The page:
Alternatively, Professor O’Mara says GPs can use COVID-19 and vaccination to start the conversation.
 
‘You might say, “Because of the COVID situation we’re checking if we have any Aboriginal patients. Are you Aboriginal or Torres Strait Islander?”,’ he said. 
 
If a patient does self-identify as Aboriginal or Torres Strait Islander, Professor O’Mara suggests attempting to form a connection by simply asking, ‘Where’s your mob from?’ 
 
‘That’s what we do as Aboriginal people around the country, too,’ he said. ‘You might say, “I’m not Aboriginal, but I used to live out at Mudgee” or “The countryside out there is beautiful”.
 
‘Most of the time, if you respectfully try to find out about our people and our culture in the right way, people are really going to embrace it and they quite enjoy telling you.’
 
Practices can also endeavour to create a culturally safe space by having Aboriginal art and signage, as well as a welcome to country acknowledgement in the waiting room. There are also health-related posters developed by NAACHO that may be useful.
 
‘If you have those kinds of things around, people at least think, “Maybe this environment is happy to acknowledge who I am and will have some respect around it”,’ Professor O’Mara said.
 
Though there have been reports of vaccine hesitancy among Aboriginal and Torres Strait Islander communities, rates are increasing, but there is still a way to go. 
 
While the Australian Technical Advisory Group on Immunisation (ATAGI) recommends AstraZeneca for people over 60, Professor O’Mara says the critical nature of vaccinating Aboriginal patients means alternative arrangements should be considered where possible.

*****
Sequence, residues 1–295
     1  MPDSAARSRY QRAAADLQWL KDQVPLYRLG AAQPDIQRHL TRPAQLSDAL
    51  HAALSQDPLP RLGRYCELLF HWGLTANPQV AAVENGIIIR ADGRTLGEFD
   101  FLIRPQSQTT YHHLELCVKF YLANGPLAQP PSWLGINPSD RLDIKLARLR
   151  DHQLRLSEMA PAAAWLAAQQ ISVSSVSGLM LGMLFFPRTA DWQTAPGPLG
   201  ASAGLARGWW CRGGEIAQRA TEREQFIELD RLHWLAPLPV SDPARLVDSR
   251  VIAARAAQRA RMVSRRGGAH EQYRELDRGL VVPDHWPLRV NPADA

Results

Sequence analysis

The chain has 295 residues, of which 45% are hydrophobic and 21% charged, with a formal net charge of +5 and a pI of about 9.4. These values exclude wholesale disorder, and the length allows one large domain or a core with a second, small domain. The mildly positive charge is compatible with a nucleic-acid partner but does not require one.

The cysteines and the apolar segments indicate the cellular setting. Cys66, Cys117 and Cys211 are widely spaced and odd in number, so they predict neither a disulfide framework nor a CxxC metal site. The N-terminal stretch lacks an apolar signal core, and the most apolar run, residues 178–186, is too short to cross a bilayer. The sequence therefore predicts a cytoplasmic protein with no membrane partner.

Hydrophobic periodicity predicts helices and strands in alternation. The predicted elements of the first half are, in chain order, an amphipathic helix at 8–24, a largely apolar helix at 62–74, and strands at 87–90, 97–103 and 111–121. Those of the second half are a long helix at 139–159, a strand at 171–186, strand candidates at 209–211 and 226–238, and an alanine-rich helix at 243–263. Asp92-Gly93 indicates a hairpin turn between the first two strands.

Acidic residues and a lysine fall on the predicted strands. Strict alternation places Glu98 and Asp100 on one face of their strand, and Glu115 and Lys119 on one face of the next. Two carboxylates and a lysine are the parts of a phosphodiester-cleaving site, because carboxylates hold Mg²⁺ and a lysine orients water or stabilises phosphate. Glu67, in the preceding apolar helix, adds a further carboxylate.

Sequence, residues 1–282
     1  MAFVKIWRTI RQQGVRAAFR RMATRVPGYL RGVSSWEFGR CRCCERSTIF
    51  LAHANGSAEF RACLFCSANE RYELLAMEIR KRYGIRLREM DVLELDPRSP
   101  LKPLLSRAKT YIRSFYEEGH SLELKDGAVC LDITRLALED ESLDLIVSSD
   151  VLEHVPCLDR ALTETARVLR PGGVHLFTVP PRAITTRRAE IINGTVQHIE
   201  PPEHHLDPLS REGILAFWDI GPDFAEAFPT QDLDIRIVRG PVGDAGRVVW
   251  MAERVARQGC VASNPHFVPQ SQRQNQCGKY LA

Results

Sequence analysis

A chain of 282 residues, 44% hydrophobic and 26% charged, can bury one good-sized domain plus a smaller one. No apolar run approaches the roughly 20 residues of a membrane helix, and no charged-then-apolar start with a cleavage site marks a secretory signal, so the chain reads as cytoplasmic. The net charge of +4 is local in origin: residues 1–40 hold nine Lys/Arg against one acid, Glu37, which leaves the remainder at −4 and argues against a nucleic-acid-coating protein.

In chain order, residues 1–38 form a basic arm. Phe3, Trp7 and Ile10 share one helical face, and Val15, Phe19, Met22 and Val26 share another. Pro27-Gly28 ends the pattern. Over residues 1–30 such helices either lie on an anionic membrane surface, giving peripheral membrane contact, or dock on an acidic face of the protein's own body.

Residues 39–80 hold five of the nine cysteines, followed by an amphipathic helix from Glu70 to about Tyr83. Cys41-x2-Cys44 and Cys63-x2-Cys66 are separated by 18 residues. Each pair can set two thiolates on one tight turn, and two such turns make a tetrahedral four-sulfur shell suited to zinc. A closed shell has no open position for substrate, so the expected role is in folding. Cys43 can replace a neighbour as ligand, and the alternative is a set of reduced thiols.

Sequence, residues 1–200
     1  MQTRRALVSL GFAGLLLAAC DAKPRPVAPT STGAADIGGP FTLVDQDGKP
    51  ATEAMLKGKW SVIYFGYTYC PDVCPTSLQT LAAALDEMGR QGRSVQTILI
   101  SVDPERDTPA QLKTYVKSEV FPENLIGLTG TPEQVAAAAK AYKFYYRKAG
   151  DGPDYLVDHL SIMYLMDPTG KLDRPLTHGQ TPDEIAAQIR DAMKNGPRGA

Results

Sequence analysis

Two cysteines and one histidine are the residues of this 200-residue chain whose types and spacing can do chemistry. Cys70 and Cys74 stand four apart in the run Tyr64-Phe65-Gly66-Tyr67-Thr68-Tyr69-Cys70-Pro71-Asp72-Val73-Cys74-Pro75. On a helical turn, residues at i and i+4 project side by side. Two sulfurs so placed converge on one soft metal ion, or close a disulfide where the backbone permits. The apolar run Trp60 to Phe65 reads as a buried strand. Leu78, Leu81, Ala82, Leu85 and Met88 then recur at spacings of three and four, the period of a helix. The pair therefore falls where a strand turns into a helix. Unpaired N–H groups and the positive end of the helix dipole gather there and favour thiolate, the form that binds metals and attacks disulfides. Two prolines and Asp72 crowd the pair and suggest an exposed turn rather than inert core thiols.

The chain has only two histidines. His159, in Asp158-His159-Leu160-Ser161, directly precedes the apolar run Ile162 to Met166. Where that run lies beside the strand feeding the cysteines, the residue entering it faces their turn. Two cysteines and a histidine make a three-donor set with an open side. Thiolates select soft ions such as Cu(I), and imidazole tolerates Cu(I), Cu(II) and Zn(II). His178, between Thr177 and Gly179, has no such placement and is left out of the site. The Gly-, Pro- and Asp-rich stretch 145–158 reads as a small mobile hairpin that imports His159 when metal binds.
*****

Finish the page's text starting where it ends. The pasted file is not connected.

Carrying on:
‘Aboriginal people have a reason to have distrust around these things because of what’s been done in the past,’ he said.
 
‘If you’ve got an Aboriginal person who wants to be vaccinated but they’re reluctant to get AstraZeneca, just give them Pfizer. Just do it.
 
‘All the services that I’ve had this conversation with have said that’s a good idea; we’ve just got to get Aboriginal people covered.’
 
Thanks to community-led efforts, Aboriginal and Torres Strait Islander communities have largely been protected from COVID-19. But that has changed since NSW’s Delta outbreak.
 
Professor O’Mara says it is important for the rest of Australia to heed the warning.
 
‘The saving grace is going to be getting the community vaccinated because the overcrowding situation in homes and that kind of stuff, we can’t solve that overnight,’ he said.
 
‘But in three weeks, we can solve the vaccine problem.’
 
However, cultural identification is key.
 
‘I study pretty much every day because I want to be the best doctor I can. I’ve not seen an easier way to save lives than to do this,’ Professor O’Mara said.
 
‘It’s just so easy, but so important.’
 
Useful resources

Log in below to join the conversation.



Aboriginal and Torres Strait Islander health COVID-19 vaccination


newsGP weekly poll Have you encountered patients who say they are ‘waiting for Novavax’?
 
11%
 
14%
 
17%
 
56%
Related



newsGP weekly poll Have you encountered patients who say they are ‘waiting for Novavax’?

Advertising

Advertising


Login to comment